On 30th January 1917, the racing driver, writer and journalist, Paul Frere was born at Le Havre, France. His racing career went hand in hand with the journalism and reached its peak in 1960, when he won the Le Mans 24 Hours, paired with fellow countryman Olivier Gendebien at the wheel of a 250 Testa Rosso.
Enzo Ferrari had this to say about him in his book, “Piloti, che gente…” “I also knew a journalist-racer, the Belgian Paul Frere, who alternated racing with writing and I couldn’t say which he was best at. He also wrote a book about his experiences and it was pretty good. My impressions of him are similar to those I have of Taruffi. In fact I played a part in a decisive moment in his life. I knew how much he wanted to compete in and maybe win the Le Mans 24 Hours. So I invited him to team up with Gendebien in one of my cars, with an agreement that if he won, he would stop racing, thus complying with the prayers of his wife and three sons. He did win and kept his promise. He then asked me if he could have the steering wheel he’d been clasping when he took that last glorious win to hang it on the wall behind his desk.”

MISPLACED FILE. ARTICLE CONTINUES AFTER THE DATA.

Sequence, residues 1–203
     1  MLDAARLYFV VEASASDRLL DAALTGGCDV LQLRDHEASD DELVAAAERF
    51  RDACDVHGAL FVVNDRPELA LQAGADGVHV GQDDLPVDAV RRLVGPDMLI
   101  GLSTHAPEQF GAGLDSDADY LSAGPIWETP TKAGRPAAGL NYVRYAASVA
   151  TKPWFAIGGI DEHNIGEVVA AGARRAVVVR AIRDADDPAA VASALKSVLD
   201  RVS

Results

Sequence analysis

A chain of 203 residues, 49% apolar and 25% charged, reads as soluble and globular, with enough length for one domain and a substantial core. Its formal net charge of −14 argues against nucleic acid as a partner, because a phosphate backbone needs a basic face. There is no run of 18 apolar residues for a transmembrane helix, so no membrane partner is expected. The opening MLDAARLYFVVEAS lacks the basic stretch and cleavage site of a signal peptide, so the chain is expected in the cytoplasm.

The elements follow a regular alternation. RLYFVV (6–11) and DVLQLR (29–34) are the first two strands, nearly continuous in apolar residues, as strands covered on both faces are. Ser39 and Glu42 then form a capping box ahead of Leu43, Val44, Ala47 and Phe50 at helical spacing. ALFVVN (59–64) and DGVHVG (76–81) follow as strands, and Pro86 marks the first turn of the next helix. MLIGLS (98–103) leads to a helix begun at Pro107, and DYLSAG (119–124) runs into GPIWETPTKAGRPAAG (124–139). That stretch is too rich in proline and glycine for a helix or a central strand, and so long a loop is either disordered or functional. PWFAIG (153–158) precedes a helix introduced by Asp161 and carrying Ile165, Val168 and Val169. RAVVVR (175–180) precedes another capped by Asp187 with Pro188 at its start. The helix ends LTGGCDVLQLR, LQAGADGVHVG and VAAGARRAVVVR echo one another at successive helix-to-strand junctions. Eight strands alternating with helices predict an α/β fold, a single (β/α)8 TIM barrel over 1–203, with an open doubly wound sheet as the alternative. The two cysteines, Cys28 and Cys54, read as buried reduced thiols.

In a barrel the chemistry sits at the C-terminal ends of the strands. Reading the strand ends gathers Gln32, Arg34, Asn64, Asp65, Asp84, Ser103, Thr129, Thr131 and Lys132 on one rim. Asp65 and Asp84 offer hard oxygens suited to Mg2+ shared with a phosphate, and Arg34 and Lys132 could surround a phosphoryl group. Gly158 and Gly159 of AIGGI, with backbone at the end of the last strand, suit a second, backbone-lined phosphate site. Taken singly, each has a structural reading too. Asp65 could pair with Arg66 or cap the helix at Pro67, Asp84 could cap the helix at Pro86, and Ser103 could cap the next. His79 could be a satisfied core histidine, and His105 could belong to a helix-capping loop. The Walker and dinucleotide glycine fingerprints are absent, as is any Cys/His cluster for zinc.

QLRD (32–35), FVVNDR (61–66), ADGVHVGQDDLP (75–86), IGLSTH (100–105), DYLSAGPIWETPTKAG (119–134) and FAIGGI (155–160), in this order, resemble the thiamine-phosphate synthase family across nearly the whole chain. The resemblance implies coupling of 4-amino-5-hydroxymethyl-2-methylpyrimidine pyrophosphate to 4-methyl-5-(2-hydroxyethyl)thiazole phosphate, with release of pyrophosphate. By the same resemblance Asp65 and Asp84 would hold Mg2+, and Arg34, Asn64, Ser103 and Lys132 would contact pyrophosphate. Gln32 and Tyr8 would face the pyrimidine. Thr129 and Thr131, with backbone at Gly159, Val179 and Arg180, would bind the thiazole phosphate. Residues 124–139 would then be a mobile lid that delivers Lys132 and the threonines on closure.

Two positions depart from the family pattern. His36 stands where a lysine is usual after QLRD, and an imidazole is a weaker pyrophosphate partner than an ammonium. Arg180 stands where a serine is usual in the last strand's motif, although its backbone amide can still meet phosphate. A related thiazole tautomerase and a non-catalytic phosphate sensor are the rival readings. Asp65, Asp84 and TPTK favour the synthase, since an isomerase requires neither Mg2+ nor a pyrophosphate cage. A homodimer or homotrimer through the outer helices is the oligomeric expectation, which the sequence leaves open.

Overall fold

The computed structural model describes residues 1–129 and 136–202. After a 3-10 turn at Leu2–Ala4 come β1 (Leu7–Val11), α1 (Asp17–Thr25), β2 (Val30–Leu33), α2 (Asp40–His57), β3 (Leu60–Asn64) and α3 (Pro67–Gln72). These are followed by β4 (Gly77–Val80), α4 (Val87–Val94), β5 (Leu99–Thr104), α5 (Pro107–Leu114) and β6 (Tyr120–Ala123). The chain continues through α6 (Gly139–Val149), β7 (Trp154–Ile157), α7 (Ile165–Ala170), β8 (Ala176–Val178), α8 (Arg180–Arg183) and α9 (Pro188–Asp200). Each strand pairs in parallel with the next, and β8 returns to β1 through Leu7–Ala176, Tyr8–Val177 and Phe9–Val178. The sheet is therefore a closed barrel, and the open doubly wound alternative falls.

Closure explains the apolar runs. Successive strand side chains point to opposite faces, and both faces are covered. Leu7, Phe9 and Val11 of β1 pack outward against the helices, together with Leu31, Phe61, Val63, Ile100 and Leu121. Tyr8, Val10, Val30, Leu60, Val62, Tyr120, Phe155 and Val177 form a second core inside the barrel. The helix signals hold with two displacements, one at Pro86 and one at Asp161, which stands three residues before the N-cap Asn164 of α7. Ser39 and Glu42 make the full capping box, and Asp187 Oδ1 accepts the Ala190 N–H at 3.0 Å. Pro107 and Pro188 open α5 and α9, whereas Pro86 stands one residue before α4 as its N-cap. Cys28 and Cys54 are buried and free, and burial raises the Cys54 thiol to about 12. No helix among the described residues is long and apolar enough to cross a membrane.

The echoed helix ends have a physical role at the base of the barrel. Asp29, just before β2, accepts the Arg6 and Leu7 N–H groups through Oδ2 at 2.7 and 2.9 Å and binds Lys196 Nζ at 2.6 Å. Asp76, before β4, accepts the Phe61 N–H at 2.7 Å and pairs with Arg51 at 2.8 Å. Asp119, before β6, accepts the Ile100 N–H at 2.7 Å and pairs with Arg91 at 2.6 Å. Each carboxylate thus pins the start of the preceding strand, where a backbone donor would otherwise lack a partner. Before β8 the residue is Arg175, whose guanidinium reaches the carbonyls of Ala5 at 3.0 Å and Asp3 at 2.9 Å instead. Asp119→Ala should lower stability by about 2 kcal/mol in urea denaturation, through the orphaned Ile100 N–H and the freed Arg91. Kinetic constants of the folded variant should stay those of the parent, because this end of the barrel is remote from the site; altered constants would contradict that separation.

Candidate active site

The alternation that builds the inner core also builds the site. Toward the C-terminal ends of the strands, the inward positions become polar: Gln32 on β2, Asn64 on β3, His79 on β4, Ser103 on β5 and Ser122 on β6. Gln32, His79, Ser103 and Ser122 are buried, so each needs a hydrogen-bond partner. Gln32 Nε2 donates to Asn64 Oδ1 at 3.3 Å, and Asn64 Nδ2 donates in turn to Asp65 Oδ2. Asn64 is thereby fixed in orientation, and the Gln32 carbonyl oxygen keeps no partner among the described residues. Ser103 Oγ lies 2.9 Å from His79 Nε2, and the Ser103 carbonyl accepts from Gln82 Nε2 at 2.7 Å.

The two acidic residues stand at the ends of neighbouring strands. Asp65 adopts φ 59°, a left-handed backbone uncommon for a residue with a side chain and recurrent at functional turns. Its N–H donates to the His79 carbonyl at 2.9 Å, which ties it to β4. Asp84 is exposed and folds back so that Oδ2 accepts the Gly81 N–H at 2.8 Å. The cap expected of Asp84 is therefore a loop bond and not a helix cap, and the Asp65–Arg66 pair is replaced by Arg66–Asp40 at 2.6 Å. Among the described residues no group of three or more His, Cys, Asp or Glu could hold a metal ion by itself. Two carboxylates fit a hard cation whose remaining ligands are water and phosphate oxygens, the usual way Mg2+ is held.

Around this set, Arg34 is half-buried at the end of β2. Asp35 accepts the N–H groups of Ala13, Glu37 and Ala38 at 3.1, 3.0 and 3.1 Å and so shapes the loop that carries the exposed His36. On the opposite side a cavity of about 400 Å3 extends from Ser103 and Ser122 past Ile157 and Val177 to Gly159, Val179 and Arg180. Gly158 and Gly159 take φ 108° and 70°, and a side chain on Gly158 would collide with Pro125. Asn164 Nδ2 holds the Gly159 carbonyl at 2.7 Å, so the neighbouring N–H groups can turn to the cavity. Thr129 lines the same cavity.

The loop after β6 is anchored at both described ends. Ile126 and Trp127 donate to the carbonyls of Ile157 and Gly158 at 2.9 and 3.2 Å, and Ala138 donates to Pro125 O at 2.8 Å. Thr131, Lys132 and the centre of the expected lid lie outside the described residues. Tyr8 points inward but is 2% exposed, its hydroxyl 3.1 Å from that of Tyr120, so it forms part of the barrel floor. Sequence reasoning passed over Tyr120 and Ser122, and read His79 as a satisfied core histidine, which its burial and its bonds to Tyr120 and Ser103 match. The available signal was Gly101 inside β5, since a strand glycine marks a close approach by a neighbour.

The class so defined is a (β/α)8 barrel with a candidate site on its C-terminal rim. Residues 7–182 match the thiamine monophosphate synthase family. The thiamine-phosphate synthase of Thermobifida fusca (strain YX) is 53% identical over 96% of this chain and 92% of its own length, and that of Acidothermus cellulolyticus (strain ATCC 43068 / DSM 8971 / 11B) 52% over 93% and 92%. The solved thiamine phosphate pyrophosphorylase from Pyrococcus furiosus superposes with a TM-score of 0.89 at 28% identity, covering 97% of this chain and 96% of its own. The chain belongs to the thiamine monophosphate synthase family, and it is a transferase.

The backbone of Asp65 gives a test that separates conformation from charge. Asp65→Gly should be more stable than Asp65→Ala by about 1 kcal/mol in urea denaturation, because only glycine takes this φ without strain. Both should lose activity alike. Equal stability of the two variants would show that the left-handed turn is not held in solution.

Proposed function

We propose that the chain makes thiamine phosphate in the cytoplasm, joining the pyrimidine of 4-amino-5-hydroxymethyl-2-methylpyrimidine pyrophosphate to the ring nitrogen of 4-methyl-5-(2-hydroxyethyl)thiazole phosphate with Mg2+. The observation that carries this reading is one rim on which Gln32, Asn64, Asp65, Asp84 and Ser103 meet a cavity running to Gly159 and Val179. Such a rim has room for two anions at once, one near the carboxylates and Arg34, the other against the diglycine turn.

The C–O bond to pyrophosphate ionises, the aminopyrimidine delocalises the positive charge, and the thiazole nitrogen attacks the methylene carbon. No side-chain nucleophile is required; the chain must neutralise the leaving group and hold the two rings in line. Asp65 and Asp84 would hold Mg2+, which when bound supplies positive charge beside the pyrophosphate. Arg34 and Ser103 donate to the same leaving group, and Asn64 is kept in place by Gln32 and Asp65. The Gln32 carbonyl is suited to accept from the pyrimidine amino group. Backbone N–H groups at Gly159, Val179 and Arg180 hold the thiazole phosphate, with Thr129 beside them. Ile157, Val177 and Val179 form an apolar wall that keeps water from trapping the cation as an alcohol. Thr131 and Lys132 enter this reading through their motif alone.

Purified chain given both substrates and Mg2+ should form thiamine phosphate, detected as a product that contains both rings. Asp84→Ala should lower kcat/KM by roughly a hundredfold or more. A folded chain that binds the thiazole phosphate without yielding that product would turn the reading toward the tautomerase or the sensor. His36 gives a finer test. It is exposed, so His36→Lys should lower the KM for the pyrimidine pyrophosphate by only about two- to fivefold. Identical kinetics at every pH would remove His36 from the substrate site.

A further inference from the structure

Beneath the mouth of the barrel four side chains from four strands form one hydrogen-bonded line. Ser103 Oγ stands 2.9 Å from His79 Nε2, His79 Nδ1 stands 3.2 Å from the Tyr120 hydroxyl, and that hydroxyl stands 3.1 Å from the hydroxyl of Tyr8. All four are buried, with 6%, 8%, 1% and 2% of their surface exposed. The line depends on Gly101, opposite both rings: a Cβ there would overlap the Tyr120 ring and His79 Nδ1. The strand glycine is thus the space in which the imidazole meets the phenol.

Before that important win at Le Mans, Frere had taken other prestigious victories, such as the 1957 and ’58 Reims 12 Hours, again teamed with Gendebien and always at the wheel of a Ferrari.
He also shone in single-seaters, taking part in eleven Formula 1 Grands Prix, three of them with Scuderia Ferrari: his best result was a second place in the 1956 Belgian Grand Prix in the D50.
He continued writing and testing cars up until 2006, when he had a serious accident on the old Nurburgring, while testing a Honda. He never recovered completely and died on 23rdFebruary 2008.